Gray’s Anatomy
.

You can’t help but wonder: Is it possible that Megan McAllister had no clue that there was something not quite right about the man she planned to marry? All my investigative experience causes me to doubt that. But that is just one of many mysteries that surround the psychopathic personality and the people he deceives.

A Psychopath’s Mask

Many of the details that have emerged about Markoff’s personality fit the criteria for a psychopath: someone (usually male) who almost entirely lacks empathy but can appear normal, even charming and brilliant. Psychopaths apply their intelligence to mimicking conventional behavior; they are both great actors and heartless predators. There are about 1 million in the United States, or about 1 percent of the adult male population (but as much as 25 percent of the prison population). In other words, they can be anywhere. And since their danger flies under the radar, it’s important to understand how they operate.

In my 26 years supervising the sex-crimes unit in the Manhattan District Attorney’s Office, my colleagues and I prosecuted many people who fit the psychopath criteria: dentists and doctors, teachers and lawyers, accountants and professors, college students and the wealthy heirs of prominent parents.

I got my first exposure to the type when, as the newly designated chief of the bureau, I was assigned to the trial of Marvin Teicher, a distinguished-looking and highly respected dentist. A brilliant police investigation, in which a female detective went undercover as a patient, revealed his true character: Teicher was captured on film molesting the sedated woman.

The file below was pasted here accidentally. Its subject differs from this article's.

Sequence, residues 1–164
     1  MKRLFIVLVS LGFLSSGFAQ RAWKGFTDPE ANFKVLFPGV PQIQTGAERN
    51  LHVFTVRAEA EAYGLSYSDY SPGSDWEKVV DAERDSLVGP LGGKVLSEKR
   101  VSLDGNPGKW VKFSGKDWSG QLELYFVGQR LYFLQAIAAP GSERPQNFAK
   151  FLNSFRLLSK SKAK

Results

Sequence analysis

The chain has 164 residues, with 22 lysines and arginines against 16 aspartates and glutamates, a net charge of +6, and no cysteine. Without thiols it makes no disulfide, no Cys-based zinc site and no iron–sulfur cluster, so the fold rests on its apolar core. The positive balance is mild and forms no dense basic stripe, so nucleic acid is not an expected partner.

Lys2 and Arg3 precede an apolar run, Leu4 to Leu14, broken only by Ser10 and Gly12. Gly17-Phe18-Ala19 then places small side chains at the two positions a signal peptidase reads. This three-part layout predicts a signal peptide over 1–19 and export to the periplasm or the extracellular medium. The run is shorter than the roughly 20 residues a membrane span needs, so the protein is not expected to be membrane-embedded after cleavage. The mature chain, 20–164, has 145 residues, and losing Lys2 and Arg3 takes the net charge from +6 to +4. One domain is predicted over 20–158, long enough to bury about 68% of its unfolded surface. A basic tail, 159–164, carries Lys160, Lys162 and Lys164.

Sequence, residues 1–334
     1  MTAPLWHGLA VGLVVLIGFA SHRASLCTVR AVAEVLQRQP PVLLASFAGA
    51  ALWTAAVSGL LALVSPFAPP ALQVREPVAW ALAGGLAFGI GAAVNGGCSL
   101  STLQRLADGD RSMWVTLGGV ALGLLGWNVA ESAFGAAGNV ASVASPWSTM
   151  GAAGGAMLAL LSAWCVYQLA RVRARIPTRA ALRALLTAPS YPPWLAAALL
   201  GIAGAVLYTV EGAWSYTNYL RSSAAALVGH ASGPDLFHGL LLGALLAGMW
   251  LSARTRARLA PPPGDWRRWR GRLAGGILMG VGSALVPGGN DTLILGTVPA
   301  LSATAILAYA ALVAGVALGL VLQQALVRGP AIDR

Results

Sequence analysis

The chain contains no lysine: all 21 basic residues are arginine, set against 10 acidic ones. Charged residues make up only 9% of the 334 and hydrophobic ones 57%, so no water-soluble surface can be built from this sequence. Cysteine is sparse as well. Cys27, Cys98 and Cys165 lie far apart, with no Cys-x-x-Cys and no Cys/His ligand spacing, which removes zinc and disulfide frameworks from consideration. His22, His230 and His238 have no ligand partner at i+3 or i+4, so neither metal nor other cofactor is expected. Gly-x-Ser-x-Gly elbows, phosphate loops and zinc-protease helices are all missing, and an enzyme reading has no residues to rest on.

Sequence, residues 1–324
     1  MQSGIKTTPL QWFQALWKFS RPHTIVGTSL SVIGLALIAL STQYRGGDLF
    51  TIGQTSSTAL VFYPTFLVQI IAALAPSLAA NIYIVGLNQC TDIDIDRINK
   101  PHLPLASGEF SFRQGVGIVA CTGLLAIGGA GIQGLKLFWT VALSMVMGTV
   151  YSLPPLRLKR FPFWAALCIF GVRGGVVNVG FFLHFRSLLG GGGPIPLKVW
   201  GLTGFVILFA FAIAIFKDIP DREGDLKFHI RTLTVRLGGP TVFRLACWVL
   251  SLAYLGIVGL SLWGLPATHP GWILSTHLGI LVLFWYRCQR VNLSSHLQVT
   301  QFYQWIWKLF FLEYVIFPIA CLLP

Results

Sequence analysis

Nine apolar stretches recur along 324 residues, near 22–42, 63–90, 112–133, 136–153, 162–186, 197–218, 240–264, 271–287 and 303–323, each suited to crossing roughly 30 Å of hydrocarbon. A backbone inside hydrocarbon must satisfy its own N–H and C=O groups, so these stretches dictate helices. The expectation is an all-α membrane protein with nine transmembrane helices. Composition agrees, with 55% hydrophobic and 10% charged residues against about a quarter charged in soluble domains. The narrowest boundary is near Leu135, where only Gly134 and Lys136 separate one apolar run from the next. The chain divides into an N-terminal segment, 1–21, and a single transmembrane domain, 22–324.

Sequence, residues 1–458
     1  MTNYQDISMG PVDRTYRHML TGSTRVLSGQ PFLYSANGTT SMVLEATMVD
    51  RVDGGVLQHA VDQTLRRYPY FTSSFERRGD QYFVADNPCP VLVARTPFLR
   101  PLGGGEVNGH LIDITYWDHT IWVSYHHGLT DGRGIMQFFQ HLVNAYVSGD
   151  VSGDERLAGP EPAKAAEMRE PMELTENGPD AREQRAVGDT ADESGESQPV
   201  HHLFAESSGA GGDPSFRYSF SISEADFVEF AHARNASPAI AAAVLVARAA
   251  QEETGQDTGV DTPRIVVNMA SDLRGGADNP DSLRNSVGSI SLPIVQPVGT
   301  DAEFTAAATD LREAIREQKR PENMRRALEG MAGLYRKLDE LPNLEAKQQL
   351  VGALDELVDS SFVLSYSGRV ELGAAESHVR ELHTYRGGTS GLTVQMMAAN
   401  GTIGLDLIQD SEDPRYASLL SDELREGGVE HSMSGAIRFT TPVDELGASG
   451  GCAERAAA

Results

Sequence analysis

I was as astonished as the rest of the public to discover that a prominent health-care professional—a man whose hobby was starring in musical comedies in an amateur theatrical group—was also a repeat sexual predator. Teicher was my introduction to the elaborate double lives led by psychopaths and to the disguising power of their outward appearance of respectability: their college degrees, their breeding, and often their good looks.

Many psychologists call this power the mask of sanity, a phrase most famously applied to the charming, handsome serial killer Ted Bundy, who was executed in Florida in 1989. Bundy was a law student during part of his killing spree. By the time he was captured, he was estimated to have murdered at least 30 young women in a four-year cross-country rampage. And just like Philip Markoff and Marvin Teicher, he compelled, and traded on, women’s trust.

The mask of sanity is the element that makes women like Trisha Leffler, Markoff’s first known robbery victim, tell reporters, “He was a tall, good-looking guy. When I first laid eyes on him, I was comfortable.” Moments later, he was pointing a gun at her. One of Bundy’s methods was to put his arm in a sling and approach a woman to ask for help in lifting a small sailboat onto his car.

Bundy’s “mask” was so convincing to women that when he was on trial for the horrific murder of a 12-year-old girl in Florida, he asked his then-girlfriend on the stand if she would still marry him, despite all she knew about him. She answered